An improved Lorentzian noncommutative (non)associative formalism (en route to a physical spectral standard model)?

Real structure + fundamental symmetry = real even Lorentzian spectral triple
...we present a Lorentzian version of the noncommutative geometry of the Standard Model... 
We describe the main aspects of a Lorentzian spectral triple, slightly changing the notation to make it more compatible with the physics literature. A Krein space is a Hilbert space H equipped with a self-adjoint unitary operator J=J=J-1 called a fundamental symmetry... 
By putting together the works of Strohmaier [25] and Paschke and Sitarz [26] we can propose the following definition. A real even Lorentzian spectral triple consists of
  • (i) a ∗-algebra A; 
  • (ii) a Krein space (H,J ) where every a ∈ A is represented by a bounded operator π(a) such that π(a ∗ ) = π(a) × and [J , π(a)]=0; 
  • (iii) a Krein-anti-self-adjoint operator D such that [D, π(a)] is bounded for all a ∈ A; 
  • (iv) a self-adjoint unitary operator γ that commutes with A and anticommutes with D and J
  • (v) an antilinear unitary operator J such that J
    2
    =εI, JD=ε'DJ, Jγ=ε′′γJ and JJJJ, where (ε, ε′, ε'′) depends on the KO-dimension as for the usual spectral triples [1].
     
Note that the interplay between fundamental symmetry, real structure and chirality was also discussed in studies of topological insulators [27]. 
As compared to other definitions of a Lorentzian spectral triple [25,28,29] we choose D to be Krein-anti-selfadjoint because the standard Dirac operator is so and we do not need to modify the ε-table giving  (ε, ε′, ε'′) as a function of the KO-dimension...
(Submitted on 15 Apr 2015 (v1), last revised 5 Jun 2015 (this version, v2))

A coda to the defence of the  (−, +, +, +) metric signature for spacetime

We consider a four-dimensional smooth Lorentzian spin manifold M and we choose the metric signature (−, +, +, +) with p = 3 positive signs and q = 1 negative sign because:
  • (i) it corresponds to the spectral triple of a spin manifold with KO-dimension p− q = 2, as advocated by Barrett [31]; 
  • (ii) it was argued that this is the only signature where a neutrinoless double beta decay can be correctly described [32].

Since the following discussion will be local, we can choose the γ-matrices to satisfy {γµν}=gµν, where gµν is diagonal with diagonal elements (−1,+1,+1,+1) [33]. We define the helicity operator γM5=−iγ0γ1γ2γthe Dirac operator DM=−iγµµ and the fundamental symmetry JM=β=iγ0, which is used in the calculation of expectation values: <ψb|T|ψ> with |ψb>=β|ψ>. The product <ψb|ψ′> i is called a Krein product. The antilinear map is JM=ζK, where ζ=γ5γ2 and K is the complex conjugate operator. The operator JM is different from the physical charge conjugation operator γK=−βγ2βK [33]. In fact there are two possible charge conjugation operators corresponding to two different ε-tables [20] JM is the first one and the physical charge conjugation is the second one. It can be checked that all the axioms of a real even Lorentzian spectral triple hold with these definitions...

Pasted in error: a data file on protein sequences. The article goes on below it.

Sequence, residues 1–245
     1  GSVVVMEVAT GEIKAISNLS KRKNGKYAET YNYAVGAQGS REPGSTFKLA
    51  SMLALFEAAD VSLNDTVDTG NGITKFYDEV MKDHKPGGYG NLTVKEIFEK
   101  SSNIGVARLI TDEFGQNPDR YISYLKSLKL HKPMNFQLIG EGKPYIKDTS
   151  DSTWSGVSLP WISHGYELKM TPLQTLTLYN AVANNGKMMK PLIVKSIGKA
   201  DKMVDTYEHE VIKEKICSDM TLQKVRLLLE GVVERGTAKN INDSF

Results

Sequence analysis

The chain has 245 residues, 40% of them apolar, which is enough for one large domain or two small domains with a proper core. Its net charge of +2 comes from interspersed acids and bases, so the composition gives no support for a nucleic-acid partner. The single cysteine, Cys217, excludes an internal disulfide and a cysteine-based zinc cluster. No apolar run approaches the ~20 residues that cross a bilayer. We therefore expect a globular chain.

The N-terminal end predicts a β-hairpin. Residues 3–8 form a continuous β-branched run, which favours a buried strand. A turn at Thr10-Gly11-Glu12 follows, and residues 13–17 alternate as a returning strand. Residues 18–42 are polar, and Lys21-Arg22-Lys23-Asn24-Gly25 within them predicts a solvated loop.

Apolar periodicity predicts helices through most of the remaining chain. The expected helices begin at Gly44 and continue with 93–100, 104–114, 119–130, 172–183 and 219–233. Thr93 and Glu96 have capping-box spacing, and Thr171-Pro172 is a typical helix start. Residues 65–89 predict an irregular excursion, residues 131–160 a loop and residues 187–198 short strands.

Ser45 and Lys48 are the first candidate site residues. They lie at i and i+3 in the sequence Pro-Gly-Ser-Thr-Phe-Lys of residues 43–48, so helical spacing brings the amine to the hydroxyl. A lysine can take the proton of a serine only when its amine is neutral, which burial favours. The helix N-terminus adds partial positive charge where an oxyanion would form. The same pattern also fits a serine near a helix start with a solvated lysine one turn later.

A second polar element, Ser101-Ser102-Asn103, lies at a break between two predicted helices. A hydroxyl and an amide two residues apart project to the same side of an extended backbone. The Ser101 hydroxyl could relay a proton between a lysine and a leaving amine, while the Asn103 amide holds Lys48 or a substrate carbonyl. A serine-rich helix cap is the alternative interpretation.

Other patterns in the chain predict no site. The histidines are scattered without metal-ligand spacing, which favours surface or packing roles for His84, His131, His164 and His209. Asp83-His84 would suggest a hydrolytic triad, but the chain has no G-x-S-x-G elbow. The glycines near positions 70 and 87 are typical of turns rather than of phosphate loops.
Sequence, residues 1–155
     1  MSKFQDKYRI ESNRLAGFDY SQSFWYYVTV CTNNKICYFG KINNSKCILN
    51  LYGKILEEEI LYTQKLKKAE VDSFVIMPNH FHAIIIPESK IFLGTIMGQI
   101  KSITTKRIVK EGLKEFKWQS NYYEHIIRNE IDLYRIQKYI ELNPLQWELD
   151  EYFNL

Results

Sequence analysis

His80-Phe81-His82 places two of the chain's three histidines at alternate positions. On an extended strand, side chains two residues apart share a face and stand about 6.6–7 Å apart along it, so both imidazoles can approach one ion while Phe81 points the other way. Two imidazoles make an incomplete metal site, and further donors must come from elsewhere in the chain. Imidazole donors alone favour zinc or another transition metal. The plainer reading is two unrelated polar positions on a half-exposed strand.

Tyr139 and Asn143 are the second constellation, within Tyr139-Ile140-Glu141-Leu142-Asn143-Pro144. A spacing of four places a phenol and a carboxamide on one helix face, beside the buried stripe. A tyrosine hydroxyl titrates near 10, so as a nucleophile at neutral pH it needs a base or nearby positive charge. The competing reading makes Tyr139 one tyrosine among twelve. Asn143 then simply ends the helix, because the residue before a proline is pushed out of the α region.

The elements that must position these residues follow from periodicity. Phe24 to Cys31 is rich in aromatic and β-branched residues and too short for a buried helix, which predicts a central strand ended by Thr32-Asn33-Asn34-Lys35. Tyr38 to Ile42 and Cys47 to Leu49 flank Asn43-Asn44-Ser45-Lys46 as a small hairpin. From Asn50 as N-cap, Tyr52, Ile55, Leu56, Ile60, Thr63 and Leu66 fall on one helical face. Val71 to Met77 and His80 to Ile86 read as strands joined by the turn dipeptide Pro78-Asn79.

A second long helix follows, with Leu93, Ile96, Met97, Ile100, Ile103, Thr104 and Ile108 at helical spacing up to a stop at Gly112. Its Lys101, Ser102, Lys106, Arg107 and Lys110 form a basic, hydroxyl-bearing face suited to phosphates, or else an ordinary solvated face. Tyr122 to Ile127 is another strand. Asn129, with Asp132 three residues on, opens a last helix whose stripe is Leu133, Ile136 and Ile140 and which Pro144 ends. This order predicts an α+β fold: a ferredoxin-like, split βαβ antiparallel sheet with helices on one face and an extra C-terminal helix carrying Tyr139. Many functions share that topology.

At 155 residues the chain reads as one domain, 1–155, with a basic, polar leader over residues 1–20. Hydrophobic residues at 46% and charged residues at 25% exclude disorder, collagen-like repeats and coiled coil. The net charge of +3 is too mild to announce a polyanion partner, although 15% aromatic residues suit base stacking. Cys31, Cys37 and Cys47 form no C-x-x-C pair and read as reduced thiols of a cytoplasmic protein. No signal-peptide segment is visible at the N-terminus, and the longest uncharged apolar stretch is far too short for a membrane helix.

Id.

4D KO-dim 2  Lorentzian ⊗ finite KO-dim 6 non-Lorentzian  = 4D KO-dim 0 real even Lorentzian?
To describe the Standard Model with Lorentzian metric, we make the tensor product of the Lorentzian spectral triple of M and the finite spectral triple AF of section IV C. The tensor product of pseudo-Riemannian spectral triples was investigated by van den Dungen [29]. The grading of the tensor product is γ=γ5⊗γF, its Dirac operator D=DM⊗Id2+γ5DM, its charge conjugation is J=JMγFJF because the KO-dimensions of the first and second spectral triples are 2 and 6 [19, 20] and its fundamental symmetry is J=JM⊗I. The finite spectral triple cannot be Lorentzian because this would not be compatible with the anticommutation of γ and J. Moreover, using the finite spectral triple of section IV C provides the correct fermionic Lagrangian in the Lorentzian metric [29]. It can be checked that, with this definition, the tensor product of spectral triples is indeed a real even Lorentzian spectral triple of KO-dimension zero and this solves the fermion multiplicity problem [31]. The order-zero and -one conditions hold by construction. Moreover, the calculation of section IV A can be repeated to show that the order-two condition holds iff {[DF, a], [DF, b◦]}=0 up to the junk. Since this was already proved, the Lorentzian spectral triple of the Standard Model satisfies [also] the order-two condition... 
Chamseddine and Connes based their derivation of the Standard Model on a bimodule over an algebra A. Boyle and Farnsworth proposed to use a bimodule over the universal differential algebra Ω which is physically more satisfactory because it contains (up to the junk) the gauge fields, the field intensities, the curvature and the Lagrangian densities. But their approach was not compatible with the manifold part of the Standard Model. To take into account the differential graded structure of ΩD, we built a differential graded bimodule that takes the junk into account. The grading transforms the Boyle and Farnsworth condition on the commutator [π(δa), π(δb)◦]=0 into a condition on the anticommutator {π(δa), π(δb)◦}∈K, which is now satisfied for the full Lorentzian Standard Model and not only for its finite part. 
Our differential graded bimodule retains some of the advantages of the Boyle and Farnsworth approach: (i) it unifies the conditions of order zero and one and the condition of massless photon into a single bimodule condition; (ii) it can be adapted to non-associative or Lie algebras. 
Now we intend to investigate the symmetries of this approach by using the morphisms defined by Eilenberg [11]. It will be interesting to compare these symmetries with the ones found by Farnsworth and Boyle [34].
 Id.

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